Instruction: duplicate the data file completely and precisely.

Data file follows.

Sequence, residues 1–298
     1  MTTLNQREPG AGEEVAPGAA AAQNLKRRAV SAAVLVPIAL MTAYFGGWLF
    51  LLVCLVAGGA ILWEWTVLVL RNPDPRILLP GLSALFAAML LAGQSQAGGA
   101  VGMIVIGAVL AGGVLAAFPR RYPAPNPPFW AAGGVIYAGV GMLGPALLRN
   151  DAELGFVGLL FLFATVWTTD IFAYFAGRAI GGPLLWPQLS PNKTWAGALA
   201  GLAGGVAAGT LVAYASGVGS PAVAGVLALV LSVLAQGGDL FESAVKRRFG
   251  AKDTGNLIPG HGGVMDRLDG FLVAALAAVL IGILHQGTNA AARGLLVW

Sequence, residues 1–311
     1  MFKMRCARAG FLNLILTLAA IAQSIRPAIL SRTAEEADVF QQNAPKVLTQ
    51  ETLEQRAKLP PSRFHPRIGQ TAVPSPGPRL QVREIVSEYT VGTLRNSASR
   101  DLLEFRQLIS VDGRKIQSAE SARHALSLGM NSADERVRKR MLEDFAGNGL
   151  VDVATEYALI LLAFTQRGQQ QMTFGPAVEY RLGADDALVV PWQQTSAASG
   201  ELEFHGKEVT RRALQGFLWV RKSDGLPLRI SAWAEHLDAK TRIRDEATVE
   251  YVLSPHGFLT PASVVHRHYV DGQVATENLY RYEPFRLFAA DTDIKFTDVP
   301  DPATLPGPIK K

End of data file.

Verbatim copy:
Sequence, residues 1–298
     1  MTTLNQREPG AGEEVAPGAA AAQNLKRRAV SAAVLVPIAL MTAYFGGWLF
    51  LLVCLVAGGA ILWEWTVLVL RNPDPRILLP GLSALFAAML LAGQSQAGGA
   101  VGMIVIGAVL AGGVLAAFPR RYPAPNPPFW AAGGVIYAGV GMLGPALLRN
   151  DAELGFVGLL FLFATVWTTD IFAYFAGRAI GGPLLWPQLS PNKTWAGALA
   201  GLAGGVAAGT LVAYASGVGS PAVAGVLALV LSVLAQGGDL FESAVKRRFG
   251  AKDTGNLIPG HGGVMDRLDG FLVAALAAVL IGILHQGTNA AARGLLVW

Sequence, residues 1–311
     1  MFKMRCARAG FLNLILTLAA IAQSIRPAIL SRTAEEADVF QQNAPKVLTQ
    51  ETLEQRAKLP PSRFHPRIGQ TAVPSPGPRL QVREIVSEYT VGTLRNSASR
   101  DLLEFRQLIS VDGRKIQSAE SARHALSLGM NSADERVRKR MLEDFAGNGL
   151  VDVATEYALI LLAFTQRGQQ QMTFGPAVEY RLGADDALVV PWQQTSAASG
   201  ELEFHGKEVT RRALQGFLWV RKSDGLPLRI SAWAEHLDAK TRIRDEATVE
   251  YVLSPHGFLT PASVVHRHYV DGQVATENLY RYEPFRLFAA DTDIKFTDVP
   301  DPATLPGPIK K